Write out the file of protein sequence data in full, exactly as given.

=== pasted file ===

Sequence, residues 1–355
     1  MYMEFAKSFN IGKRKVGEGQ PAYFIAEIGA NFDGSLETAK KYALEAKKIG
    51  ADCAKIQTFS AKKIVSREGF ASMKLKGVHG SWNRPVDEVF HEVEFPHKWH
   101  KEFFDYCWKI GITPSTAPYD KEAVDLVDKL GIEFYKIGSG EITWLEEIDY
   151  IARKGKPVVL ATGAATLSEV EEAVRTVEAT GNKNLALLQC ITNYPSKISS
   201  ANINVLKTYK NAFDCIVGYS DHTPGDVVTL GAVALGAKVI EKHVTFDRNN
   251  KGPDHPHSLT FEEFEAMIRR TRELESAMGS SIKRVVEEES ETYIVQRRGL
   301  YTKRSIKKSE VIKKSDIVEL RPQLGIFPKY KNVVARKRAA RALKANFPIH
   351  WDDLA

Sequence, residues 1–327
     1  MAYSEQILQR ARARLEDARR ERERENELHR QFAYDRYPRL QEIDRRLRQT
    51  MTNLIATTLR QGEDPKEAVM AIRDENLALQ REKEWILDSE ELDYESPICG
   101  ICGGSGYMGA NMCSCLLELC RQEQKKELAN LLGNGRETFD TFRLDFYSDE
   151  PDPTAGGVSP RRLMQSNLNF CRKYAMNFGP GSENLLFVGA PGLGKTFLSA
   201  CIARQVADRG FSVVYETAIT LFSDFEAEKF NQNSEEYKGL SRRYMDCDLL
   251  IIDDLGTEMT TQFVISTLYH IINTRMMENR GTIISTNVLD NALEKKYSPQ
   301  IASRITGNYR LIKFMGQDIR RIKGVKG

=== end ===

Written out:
Sequence, residues 1–355
     1  MYMEFAKSFN IGKRKVGEGQ PAYFIAEIGA NFDGSLETAK KYALEAKKIG
    51  ADCAKIQTFS AKKIVSREGF ASMKLKGVHG SWNRPVDEVF HEVEFPHKWH
   101  KEFFDYCWKI GITPSTAPYD KEAVDLVDKL GIEFYKIGSG EITWLEEIDY
   151  IARKGKPVVL ATGAATLSEV EEAVRTVEAT GNKNLALLQC ITNYPSKISS
   201  ANINVLKTYK NAFDCIVGYS DHTPGDVVTL GAVALGAKVI EKHVTFDRNN
   251  KGPDHPHSLT FEEFEAMIRR TRELESAMGS SIKRVVEEES ETYIVQRRGL
   301  YTKRSIKKSE VIKKSDIVEL RPQLGIFPKY KNVVARKRAA RALKANFPIH
   351  WDDLA

Sequence, residues 1–327
     1  MAYSEQILQR ARARLEDARR ERERENELHR QFAYDRYPRL QEIDRRLRQT
    51  MTNLIATTLR QGEDPKEAVM AIRDENLALQ REKEWILDSE ELDYESPICG
   101  ICGGSGYMGA NMCSCLLELC RQEQKKELAN LLGNGRETFD TFRLDFYSDE
   151  PDPTAGGVSP RRLMQSNLNF CRKYAMNFGP GSENLLFVGA PGLGKTFLSA
   201  CIARQVADRG FSVVYETAIT LFSDFEAEKF NQNSEEYKGL SRRYMDCDLL
   251  IIDDLGTEMT TQFVISTLYH IINTRMMENR GTIISTNVLD NALEKKYSPQ
   301  IASRITGNYR LIKFMGQDIR RIKGVKG